A conversation with Jon Entine, for European Scientist

220px-Entine_photo  Jon Entine is an American science writer. He is the founder and executive director of the Genetic Literacy Project, a nonprofit that educates the public about the revolution in biomedicine and agricultural biotechnology. He was formerly a fellow at the Institute for Food and Agricultural Literacy at the University of California, Davis, the Center for Health & Risk Communication at George Mason University, and at the American Enterprise Institute. After working as a network news writer, producer and head of documentaries for NBC News and ABC News from 1974-1994, Entine moved into scholarly research and print journalism.

  Entine has written seven books, four on genetics and chemical risk, and has addressed a range of controversial issues, including the genetics of sports; the shared ancestry of Jews, Christians and Muslims; socially responsible investing; and why organic farming will not scale to produce sustainable food. He is a contributing columnist and writer for dozens of newspapers and magazines. He has was won 19 major journalism awards including two Emmys, three CINE, Ohio State Award, Chris Award, Best Feature Film Interntional Sport Film Festival,  and a National Press Club Award for Consumer Journalism.

  Grégoire Canlorbe: You carefully investigated the genetic underpinnings of the over-representation of blacks in many high profile sports. Could you remind us of the fruits of your inquiry? Why do whites dominate strength related positions and events in so many sports—and why are blacks so poorly represented in some major sports, such as swimming?

  Jon Entine: I think it’s phenomenal, really startling that if you look at the major sports around the world: track and field, football in Europe, American football, baseball, and basketball, which is an international sport, you see a very odd distribution of which athletes do the best in various sports. In many of the sports, the ones that require speed, quick reaction time, things like global and American football or basketball or sprinting, it’s utter dominance by athletes of West African ancestry.

  In long distance running, which requires endurance, you see the dominance of East Africans and a few North Africans, whose ancestors evolved in higher altitudes, shaping their physique and physiology. You look at strength events, and you see dominance of East Europeans and Euro-Asians with very minimal representation of those of African ancestry. These aren’t just recent aberrations.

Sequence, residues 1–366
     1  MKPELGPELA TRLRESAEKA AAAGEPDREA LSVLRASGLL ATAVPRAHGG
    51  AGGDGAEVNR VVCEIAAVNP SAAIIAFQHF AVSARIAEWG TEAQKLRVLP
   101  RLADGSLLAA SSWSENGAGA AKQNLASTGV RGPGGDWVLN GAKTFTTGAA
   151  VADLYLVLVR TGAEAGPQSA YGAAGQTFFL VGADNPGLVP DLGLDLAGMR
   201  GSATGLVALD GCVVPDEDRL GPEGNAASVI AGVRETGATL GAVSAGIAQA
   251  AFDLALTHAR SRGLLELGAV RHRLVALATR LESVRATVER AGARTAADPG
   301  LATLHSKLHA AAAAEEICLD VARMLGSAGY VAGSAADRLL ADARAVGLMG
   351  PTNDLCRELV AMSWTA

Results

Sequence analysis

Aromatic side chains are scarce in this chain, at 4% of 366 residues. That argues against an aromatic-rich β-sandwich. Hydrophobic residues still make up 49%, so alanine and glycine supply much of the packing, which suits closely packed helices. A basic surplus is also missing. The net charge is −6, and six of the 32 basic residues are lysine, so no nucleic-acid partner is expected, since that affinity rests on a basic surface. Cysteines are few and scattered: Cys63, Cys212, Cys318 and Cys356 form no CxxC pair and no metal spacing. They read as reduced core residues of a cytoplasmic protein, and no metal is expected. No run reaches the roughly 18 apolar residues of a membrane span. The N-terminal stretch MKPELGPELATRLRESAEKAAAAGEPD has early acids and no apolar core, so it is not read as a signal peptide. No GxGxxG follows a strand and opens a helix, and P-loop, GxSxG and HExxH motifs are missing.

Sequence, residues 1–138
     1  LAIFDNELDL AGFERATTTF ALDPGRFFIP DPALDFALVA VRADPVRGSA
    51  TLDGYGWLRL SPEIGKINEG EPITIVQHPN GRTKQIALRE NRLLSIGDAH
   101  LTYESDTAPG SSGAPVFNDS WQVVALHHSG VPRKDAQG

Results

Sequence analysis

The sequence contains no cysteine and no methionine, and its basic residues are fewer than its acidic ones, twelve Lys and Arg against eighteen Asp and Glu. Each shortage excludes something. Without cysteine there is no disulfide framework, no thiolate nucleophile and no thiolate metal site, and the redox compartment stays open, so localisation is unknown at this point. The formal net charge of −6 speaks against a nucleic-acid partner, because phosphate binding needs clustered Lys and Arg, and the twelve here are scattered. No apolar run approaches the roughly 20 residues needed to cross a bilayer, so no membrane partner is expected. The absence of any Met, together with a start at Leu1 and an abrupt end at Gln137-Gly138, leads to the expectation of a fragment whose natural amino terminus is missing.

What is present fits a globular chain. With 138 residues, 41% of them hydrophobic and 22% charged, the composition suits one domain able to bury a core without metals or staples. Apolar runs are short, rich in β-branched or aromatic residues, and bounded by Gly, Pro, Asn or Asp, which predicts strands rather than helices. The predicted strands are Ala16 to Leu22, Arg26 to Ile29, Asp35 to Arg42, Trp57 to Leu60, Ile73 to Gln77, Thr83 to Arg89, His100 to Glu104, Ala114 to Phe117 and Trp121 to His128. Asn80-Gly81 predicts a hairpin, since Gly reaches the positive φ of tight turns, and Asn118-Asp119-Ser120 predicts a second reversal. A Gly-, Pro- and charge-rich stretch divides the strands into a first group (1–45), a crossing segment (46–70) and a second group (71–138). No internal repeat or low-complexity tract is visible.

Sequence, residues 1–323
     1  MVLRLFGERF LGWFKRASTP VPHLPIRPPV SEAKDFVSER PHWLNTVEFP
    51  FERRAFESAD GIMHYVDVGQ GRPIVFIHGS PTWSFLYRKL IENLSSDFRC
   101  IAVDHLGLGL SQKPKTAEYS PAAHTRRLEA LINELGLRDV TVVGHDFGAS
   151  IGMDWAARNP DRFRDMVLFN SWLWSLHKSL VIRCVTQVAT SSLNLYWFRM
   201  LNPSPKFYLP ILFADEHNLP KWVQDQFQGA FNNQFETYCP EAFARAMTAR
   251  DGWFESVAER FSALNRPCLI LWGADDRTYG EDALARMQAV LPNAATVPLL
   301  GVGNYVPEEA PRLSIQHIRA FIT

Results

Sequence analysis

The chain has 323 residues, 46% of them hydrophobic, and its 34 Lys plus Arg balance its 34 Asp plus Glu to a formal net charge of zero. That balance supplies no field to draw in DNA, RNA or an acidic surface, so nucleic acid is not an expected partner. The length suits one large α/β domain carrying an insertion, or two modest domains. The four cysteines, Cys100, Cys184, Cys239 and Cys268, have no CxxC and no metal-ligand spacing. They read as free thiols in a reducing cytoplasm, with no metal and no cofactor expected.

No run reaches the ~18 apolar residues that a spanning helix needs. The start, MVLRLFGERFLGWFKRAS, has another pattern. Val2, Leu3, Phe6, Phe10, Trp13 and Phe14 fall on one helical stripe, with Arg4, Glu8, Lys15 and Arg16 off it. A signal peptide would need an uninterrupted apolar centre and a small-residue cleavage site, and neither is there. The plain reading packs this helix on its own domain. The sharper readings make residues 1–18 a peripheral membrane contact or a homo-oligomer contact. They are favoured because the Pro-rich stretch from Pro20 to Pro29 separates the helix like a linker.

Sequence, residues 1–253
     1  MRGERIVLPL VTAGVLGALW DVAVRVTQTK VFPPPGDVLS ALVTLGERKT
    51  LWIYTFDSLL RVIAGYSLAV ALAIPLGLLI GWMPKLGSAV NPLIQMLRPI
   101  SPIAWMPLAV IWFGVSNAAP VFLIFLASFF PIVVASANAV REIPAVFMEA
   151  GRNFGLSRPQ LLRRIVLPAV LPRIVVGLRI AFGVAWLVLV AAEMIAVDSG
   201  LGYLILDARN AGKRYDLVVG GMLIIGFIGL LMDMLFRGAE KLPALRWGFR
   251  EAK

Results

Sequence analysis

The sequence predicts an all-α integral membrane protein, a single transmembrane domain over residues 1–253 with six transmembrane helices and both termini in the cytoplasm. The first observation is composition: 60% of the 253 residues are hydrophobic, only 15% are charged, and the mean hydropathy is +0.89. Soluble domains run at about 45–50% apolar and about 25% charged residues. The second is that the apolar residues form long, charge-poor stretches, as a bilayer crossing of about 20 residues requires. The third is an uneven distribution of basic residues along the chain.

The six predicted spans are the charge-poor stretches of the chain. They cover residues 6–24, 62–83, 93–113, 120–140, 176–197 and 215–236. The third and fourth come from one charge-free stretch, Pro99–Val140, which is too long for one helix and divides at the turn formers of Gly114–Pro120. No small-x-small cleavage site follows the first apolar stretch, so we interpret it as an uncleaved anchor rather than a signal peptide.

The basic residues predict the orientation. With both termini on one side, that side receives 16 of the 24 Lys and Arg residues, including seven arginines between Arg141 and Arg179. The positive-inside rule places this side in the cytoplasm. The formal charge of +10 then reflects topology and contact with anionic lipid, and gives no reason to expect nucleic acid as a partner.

These patterns have persisted for decades and have actually become more pronounced as the playing field got more level, so ‘natural talent’ could emerge and environmental factors were at a minimum. Once the influence of performance enhancement drugs during the 1960s, 70s, and ‘89s driven by Russia and the Eastern bloc dissipated, which distorted who were the best athletes, we saw these patterns become even more pronounced around the world. And I think the more you research this, the more you understand that at the elite level of athletic competition, we are very much a product of our genetics and the patterns reflect evolution in different geographical areas.

  This is not a black/white issue or an issue of ‘race’ as we have traditionally used the term. It’s about regions of evolutionary origin. Phenotypes and genotypes are shaped by thousands of years of evolution. Although some characteristics seem to loosely correlated with traditional, folkloric notions of race, many do not. Just look at the difference in body types and athletic skill sets of distance running East Africans and elite athletes who trace their primary descent to West Africa. The differences in physiology and physique may be small in the case of some characteristics, and there is a great deal of overlap, but those differences are magnified at the elite level of sports competition where a fraction of a second can make the difference between winning a gold medal or being an also ran.